I was stopped at the light at 20th and San Pablo today when the unmistakable aroma of smoky bbq assailed my nostrils. I immediately changed my lunch plans and headed into Chef Edwards (1998 San Pablo, Oakland), where I found one of the best 'cue bargains in town: the "famous" Piggly Wiggly sandwich (thinly sliced roast pork, heeped onto a french roll, slathered in sauce) and a side of Mama's cole slaw for $4.25.
I took a quick browse of the reviews on the walls and asked for the hot sauce, which I think must be the only way to go -- although tasty, it's a little on the sweet and ketchupy side, and I'm guessing the mild might be overly so. The hot was nicely hot, but not overwhelming. The meat was tender and lean (although I'd actually been hoping for something fattier), and there so much of it I actually ate half of it with my fork before attempting to pick up the sandwich. As an avowed mayo-hater, I was pleased with the slaw, which was prepared with a vinegar-based dressing and was halfway to being pickled (in fact, it tasted somewhat like bread and butter pickles, with seeds that appeared to be dill and/or celery and mustard, and a bright yellow color that screamed turmeric).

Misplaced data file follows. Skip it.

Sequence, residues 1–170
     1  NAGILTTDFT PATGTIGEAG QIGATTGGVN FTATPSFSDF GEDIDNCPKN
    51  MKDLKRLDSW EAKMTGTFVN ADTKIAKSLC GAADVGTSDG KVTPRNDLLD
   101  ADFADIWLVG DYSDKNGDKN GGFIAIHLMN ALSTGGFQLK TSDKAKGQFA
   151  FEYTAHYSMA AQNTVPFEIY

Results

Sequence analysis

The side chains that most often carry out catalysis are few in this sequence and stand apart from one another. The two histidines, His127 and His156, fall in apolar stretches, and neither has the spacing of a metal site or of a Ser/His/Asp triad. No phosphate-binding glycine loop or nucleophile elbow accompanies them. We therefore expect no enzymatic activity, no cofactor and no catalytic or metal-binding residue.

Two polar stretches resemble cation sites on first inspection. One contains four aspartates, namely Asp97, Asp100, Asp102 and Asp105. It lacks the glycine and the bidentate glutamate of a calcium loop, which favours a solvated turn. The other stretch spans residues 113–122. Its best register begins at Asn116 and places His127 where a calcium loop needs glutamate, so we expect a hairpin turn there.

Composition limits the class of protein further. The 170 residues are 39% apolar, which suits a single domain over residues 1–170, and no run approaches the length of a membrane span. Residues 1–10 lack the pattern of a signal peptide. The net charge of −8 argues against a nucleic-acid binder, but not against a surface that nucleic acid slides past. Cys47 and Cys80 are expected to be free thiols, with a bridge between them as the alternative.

The atmosphere was welcoming (although I probably wouldn't go there alone at night): a lunch counter with half a dozen stools and two tiny tables -- most people take out, but I was glad I didn't have to. Chef Edward is on a first name basis with most of his customers -- by the time I left, I was too (although I don't object to being called "beautiful" in lieu of my name (g)). From overheard conversations, I learned that Chef Edwards is from Yuma, and thus only uses mesquite for his 'cue. All orders are served in styrofoam containers, with a baggie containing plastic utensils, napkin and a moist towellette (very thoughtful touch!).
The customer known as "Bread Pudding Man" inspired me order some of same ($2.25). Dense but not overly soggy or eggy, topped with a creamy vanilla sauce. Yum! He also had banana pudding, sweet potato pie, and other desserts.
An earlier post on Chef Edwards said the sides were the real bright spot -- there's a wider selection than most places: beans, black-eyed peas, cabbage, candied yams, corn on the cob, coleslaw, dressing with gravy (to go with the bbq turkey wings), salad, green beans, mac-and-cheese, greens, potato salad, rice and spaghetti. The sandwiches come with the choice of one side, the dinners and combos come with a choice of two. There are also lunch specials that include a drink.
In short, while not great bbq, it's definitely good bbq, and the wider choices and fact you can eat in are plusses. I'll undoubtedly go back and try the brisket (which seems to be a specialty).
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